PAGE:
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Kremlin says Western powers 'not ready' to work in anti-IS coalition with Russia

Kremlin says Western powers 'not ready' to work in anti-IS coalition with Russia

MOSCOW: The Kremlin said Friday that Western powers were not ready to form a coalition with Russia to fight the militant Islamic State (IS) group in Syria, after talks between Russian President Vladimir Putin and French leader Francois Hollande.

"At the moment, unfortunately, our partners are not ready to work within the format of single coalition," Putin's spokesman Dmitry Peskov told reporters.

He added however that Russia remained open to cooperation "in any format our partners would be ready for."

After jihadists killed 130 people in Paris this month in attacks claimed by IS, Hollande travelled to Moscow on Thursday, hoping to bolster global efforts to crush IS.

Read: At least 128 dead in Paris terror attacks, IS claims responsibility

Putin had urged global powers to band together in the fight against jihadists in September during an address to the United Nations General Assembly (UNGA), just before Russia launched its own bombing campaign in Syria.

Separately, a United States (US)-led coalition that includes France had already been staging air strikes against IS targets in Syria for over a year.

Putin and Hollande agreed Thursday to coordinate strikes and share intelligence in what was the most concrete sign of progress from the French leader's diplomatic marathon that has also included talks with the leaders of the US, Germany, Britain and Italy.

But the idea of a single anti-IS coalition involving Western powers and Russia did not get off the ground as US President Barack Obama is said to have given a cool response to Hollande's proposal.

The downing of a Russian warplane by North Atlantic Treaty Organisation (Nato) member Turkey in Syria has also cast a shadow on the diplomatic efforts to step up the fight against the jihadists.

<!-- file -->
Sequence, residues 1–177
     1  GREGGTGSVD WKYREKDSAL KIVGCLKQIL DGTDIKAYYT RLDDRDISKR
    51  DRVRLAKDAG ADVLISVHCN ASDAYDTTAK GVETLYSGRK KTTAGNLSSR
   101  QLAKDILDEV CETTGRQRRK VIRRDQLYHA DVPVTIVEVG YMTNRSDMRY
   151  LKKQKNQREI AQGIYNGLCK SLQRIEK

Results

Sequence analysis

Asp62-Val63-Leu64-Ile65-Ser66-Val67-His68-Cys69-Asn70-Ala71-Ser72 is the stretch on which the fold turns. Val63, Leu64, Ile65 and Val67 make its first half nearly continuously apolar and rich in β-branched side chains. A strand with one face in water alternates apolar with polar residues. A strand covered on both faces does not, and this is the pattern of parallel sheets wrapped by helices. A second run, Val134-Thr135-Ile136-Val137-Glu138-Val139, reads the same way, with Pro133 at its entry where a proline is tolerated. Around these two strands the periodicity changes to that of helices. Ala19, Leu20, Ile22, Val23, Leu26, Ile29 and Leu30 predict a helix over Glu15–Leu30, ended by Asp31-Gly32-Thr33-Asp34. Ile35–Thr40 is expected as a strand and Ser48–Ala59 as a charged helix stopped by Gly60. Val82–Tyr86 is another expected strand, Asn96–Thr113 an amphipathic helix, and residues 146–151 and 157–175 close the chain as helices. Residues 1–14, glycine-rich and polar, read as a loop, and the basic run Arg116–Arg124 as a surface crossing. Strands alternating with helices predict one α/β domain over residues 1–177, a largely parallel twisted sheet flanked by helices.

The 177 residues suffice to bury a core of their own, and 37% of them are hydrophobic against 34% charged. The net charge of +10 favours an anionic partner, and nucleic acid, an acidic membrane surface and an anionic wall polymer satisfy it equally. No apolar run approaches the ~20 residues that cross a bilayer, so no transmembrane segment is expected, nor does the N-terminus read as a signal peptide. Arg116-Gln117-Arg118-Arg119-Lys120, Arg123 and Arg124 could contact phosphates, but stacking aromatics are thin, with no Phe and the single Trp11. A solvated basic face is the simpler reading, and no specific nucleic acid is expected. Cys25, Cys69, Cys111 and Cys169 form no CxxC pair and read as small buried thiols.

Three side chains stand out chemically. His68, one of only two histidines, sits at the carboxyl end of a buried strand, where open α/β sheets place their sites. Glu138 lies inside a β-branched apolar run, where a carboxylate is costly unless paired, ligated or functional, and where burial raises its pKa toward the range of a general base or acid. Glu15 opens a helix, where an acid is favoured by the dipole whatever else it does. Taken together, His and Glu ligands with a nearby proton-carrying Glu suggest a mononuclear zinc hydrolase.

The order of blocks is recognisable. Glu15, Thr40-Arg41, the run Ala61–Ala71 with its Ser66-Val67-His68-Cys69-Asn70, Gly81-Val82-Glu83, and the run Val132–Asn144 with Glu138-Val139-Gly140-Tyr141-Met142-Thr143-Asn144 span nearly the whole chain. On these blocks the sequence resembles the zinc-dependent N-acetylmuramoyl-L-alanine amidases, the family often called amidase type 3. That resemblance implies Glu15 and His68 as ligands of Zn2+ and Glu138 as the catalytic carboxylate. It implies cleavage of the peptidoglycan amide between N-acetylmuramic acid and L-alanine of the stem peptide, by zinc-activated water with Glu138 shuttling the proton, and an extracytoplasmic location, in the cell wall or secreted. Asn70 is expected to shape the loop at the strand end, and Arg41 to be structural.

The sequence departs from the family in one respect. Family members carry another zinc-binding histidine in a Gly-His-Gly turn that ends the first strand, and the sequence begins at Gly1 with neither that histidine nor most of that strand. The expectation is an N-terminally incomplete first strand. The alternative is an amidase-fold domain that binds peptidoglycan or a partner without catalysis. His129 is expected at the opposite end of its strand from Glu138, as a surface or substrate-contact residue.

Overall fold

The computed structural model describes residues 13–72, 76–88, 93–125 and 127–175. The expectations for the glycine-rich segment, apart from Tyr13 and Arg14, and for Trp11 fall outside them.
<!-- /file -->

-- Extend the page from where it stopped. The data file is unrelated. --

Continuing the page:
While Turkey said Friday it wanted to calm tensions with Russia and local media said Ankara "temporarily" suspended air strikes against IS targets in Syria, the Kremlin said Russia would press ahead with its bombing campaign in the war-torn country.

"We proceed from the fact that the Russian air force is continuing an operation to support an offensive by the Syrian armed forces against terrorist organisations," Peskov said.

He added that Putin discussed the crisis with his aides at a meeting of his national security council on Friday.

"The meeting discussed increased tensions over Syria against the background of Turkey's aggressive and unpredictable actions," Peskov told reporters.

Russian President Vladimir Putin called Turkey's downing of a Russian fighter jet a stab in the back administered by “the accomplices of terrorists,” saying the incident would have serious consequences for Moscow's relations with Ankara.

Read: Downing of Russian plane is a 'stab in the back' from Turkey, says Putin

Speaking in the Russian Black Sea resort of Sochi before a meeting with Jordan's King Abdullah, Putin said the downed plane had been attacked inside Syria when it was one kilometre from the Turkish border and had come down four kilometres inside Syria.

That contradicted Turkey's assertion that the aircraft had been warned multiple times that it was straying into Turkish airspace before it was shot down.

"Our plane was shot down on Syrian territory by an air-to-air missile from an F-16. It fell on Syrian territory four kilometres from the Turkish border. It was flying at 6,000 metres, one kilometre from Turkish territory when it was attacked." said President Putin

He added that the Russian pilots and planes had in no way threatened Turkey, but had merely been carrying out their duty to fight the IS group's militants inside Syria.

The incident is one of the most serious clashes between a Nato member country and Russia to have taken place for half a century.

Meanwhile, Turkish President Recep Tayyip Erdogan has also said his country does not wish to escalate tensions with Russia over the downing of the plane.

Turkey said the Russian warplane was shot down after it ignored repeated warnings and crossed into its airspace from Syria.

Turkey changed its rules of engagement a few years ago after Syria shot down a Turkish plane. According to the new rules, Turkey said it would consider all “elements” approaching from Syria an enemy threat and would act accordingly.

Also read: Tensions soar as Turkey shoots down Russian plane

Russia sent an advanced missile system to Syria on Wednesday to protect its jets operating there and pledged its air force would keep flying missions near Turkish airspace, sounding a defiant note after Turkey shot down a Russian fighter jet.

Underscoring the message, Russian forces launched a heavy bombardment against insurgent-held areas in Latakia on Wednesday, near where the jet was downed, rebels and a monitoring group said.

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